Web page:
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England prospered in the years after the brutal but swift completion of the Norman Conquest, and Jews flourished with it, though in small numbers. Their culture, contacts and expertise had much to offer as trade increased, capital projects multiplied, and society became generally more sophisticated. But prosperity was dangerous. After a hundred years, the king, claiming the Jews as his property, set up a special department of the Exchequer to regulate the loans made by Jewish lenders to the lords. After another hundred, having been sucked dry, the Jews were thrown out in 1290. The story was much the same everywhere else in Europe. By Shakespeare’s day, England was once more in the throes of transformation as another mercantile revolution challenged the established values and social relations. The dilemmas explored in The Merchant of Venice were now writ large: lending money at interest became lawful in 1571, but usury (lending at excessive interest) did not. A fortune might ride on the distinction, as Shakespeare’s father, at least twice charged with usury, knew well. A greater fortune might vanish overnight if a venture succumbed to an ill wind, as Shakespeare himself knew even better, for no investment was riskier than a theater, ever vulnerable to the intrigues of the great or the whims of the mob, to devastation by fire or closure by a plague. How were Christians to prosper in such a world and remain Christians? There was no better way to pose that question than by counterposing Christian merchant and conniving Jew.
The enduring legacy of the early Church, Nirenberg makes clear, was far more than the familiar stereotype of anti-Semitism: it was a language and a set of oppositions and associations in which any conflict could be framed, or any community, party or position attacked or defended by contrasting it with Judaism—irrespective of the presence, still less the participation, of flesh-and-blood Jews. Thus a series of massacres and forced conversions in the summer of 1391, followed by another in 1411–16, emptied Spain’s cities of Jews and reduced its Jewish population by as much as one-half. By 1500, the rest had been rooted out by the Inquisition, ostensibly in pursuit of insincerity, duplicity and backsliding among the converted. As the number of Jews fell, anxiety among Christians about how to distinguish themselves from Jews nonetheless rose. Jews were made to wear conspicuous badges and hats, and barred from selling food or medical services to Christians; converts were forbidden not only to marry their former co-religionists, but also to dine and socialize with them. Yet the search for lingering Jewish loyalties and hidden Jewish blood became ever more desperate and all-embracing, the language of poetry and painting ever more soaked in anti-Judaism, as the conviction took root that, as Erasmus said, Spain was full of Jews.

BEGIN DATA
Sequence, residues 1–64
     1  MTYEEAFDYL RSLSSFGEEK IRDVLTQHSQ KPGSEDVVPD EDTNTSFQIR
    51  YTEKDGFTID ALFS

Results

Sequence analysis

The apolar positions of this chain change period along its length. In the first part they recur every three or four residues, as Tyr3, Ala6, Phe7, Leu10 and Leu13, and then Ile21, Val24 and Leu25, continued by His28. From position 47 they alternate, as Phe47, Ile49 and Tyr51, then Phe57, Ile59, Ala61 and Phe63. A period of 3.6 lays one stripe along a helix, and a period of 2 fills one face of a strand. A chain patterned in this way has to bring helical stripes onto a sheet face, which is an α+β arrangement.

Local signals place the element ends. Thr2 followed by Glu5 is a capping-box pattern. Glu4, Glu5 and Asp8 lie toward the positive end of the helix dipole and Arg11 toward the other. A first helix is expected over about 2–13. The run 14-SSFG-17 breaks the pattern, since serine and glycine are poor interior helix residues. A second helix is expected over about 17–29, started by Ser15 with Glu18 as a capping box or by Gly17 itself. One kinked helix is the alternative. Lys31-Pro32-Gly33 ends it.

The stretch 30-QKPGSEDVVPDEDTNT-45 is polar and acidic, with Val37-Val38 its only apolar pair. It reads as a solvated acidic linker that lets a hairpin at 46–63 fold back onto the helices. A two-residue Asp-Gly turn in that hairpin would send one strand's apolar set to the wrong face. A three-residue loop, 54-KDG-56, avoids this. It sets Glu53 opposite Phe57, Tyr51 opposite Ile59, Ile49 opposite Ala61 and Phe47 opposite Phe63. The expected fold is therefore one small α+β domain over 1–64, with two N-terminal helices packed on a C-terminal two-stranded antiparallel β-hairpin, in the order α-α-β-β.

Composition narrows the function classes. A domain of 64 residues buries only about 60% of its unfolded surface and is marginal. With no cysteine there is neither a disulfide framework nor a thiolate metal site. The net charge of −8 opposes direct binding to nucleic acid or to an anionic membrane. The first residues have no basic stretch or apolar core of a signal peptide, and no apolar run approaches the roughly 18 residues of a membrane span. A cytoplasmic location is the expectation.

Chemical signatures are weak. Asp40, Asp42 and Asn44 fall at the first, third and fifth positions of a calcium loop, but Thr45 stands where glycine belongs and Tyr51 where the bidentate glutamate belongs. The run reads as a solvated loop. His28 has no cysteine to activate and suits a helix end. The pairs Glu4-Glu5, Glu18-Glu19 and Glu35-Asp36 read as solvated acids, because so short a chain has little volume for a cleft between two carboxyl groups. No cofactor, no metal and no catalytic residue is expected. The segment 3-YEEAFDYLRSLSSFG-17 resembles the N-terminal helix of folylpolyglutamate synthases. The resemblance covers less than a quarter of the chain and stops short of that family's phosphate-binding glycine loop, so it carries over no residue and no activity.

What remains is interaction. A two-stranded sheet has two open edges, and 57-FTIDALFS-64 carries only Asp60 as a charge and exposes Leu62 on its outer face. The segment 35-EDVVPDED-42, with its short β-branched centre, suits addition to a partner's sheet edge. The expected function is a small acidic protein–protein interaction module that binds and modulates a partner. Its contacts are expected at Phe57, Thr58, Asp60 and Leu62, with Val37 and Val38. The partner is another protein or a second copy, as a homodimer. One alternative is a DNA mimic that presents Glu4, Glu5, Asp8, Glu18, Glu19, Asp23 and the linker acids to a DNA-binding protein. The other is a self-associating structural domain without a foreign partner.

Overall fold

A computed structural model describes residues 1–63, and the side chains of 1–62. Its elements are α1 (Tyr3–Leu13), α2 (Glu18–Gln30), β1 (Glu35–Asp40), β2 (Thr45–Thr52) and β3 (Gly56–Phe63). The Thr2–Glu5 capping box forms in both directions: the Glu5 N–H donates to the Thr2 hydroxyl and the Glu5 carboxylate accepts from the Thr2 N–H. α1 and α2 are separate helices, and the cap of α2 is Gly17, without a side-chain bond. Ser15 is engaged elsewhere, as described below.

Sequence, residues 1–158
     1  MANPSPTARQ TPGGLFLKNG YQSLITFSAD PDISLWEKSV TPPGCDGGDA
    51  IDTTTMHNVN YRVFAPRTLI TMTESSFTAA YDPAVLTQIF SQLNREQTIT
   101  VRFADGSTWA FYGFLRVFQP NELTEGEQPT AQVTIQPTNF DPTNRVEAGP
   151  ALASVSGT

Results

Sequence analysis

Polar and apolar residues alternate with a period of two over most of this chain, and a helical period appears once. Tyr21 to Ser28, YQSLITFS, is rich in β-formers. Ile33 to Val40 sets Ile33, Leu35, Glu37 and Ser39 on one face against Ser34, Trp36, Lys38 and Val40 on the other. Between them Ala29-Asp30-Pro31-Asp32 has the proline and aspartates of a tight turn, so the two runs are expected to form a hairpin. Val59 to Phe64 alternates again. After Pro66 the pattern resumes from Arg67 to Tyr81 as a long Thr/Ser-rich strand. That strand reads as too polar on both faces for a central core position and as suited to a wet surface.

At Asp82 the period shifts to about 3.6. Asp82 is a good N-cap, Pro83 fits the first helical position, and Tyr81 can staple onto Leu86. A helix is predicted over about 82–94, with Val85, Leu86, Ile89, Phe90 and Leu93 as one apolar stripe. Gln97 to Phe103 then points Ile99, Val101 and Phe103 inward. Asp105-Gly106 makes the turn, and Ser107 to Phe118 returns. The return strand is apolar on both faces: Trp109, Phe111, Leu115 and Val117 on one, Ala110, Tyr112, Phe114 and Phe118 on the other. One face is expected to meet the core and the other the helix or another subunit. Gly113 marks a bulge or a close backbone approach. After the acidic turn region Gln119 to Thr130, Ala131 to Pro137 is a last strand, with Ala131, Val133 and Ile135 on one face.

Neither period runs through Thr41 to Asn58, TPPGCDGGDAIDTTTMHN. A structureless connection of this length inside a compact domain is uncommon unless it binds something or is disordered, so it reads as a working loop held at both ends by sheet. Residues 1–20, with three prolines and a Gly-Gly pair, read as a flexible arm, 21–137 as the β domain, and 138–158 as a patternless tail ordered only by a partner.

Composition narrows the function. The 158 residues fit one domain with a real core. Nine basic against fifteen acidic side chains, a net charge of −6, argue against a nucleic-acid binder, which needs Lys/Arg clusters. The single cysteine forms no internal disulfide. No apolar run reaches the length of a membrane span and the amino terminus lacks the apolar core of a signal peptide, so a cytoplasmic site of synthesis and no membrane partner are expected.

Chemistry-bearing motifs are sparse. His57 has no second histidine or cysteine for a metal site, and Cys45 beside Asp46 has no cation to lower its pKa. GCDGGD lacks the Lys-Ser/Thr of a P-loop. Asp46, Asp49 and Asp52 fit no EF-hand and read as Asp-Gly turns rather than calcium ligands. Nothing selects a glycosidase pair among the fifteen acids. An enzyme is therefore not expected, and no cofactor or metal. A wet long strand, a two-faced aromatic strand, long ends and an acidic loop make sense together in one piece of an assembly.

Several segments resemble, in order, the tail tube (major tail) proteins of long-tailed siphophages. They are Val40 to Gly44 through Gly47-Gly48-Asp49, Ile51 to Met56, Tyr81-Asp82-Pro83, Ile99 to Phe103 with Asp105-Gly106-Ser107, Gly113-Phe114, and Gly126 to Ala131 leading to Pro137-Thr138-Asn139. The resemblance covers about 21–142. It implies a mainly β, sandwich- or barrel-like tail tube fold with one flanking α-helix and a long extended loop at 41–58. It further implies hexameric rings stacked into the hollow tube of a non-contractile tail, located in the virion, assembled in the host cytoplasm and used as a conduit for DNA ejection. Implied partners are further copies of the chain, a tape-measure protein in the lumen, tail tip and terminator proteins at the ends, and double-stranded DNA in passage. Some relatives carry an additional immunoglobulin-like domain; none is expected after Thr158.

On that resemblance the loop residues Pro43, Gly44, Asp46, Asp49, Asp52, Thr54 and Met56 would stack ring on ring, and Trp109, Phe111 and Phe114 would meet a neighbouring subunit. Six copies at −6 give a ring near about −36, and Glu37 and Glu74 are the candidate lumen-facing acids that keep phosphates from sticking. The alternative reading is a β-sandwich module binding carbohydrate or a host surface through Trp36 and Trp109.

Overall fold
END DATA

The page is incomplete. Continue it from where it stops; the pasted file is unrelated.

Neither the end of Catholic dominance in Northern Europe nor the rise of secularism reduced the potency of this language or the universality of its application. In the seventeenth century, the bloody disputes among Englishmen on the basis of political legitimacy and the nature of the godly republic were debated with imagery and examples from the Old Testament. In the eighteenth century, most of the leading figures of the Enlightenment found in Jews an archetypal subservience to avarice and deviousness, and in Judaism a compelling representation of primitive superstition as the progenitor of tyranny and persecution. Their nineteenth-century successors contrasted these “Jewish” habits of thought and feeling with the wholesome “Greek” values of reason and idealism, and agreed that their elimination was essential to the progress of society and the advance of reason. That way of thinking helped to shape the modern social sciences from their beginning. Marx called for “the emancipation of mankind from Judaism,” and Weber rehabilitated capitalism as a benevolent and progressive force by identifying it with Protestantism (as the outcome of Christian, not Jewish, attitudes to property and an expression of Christian spirituality, not Jewish materialism).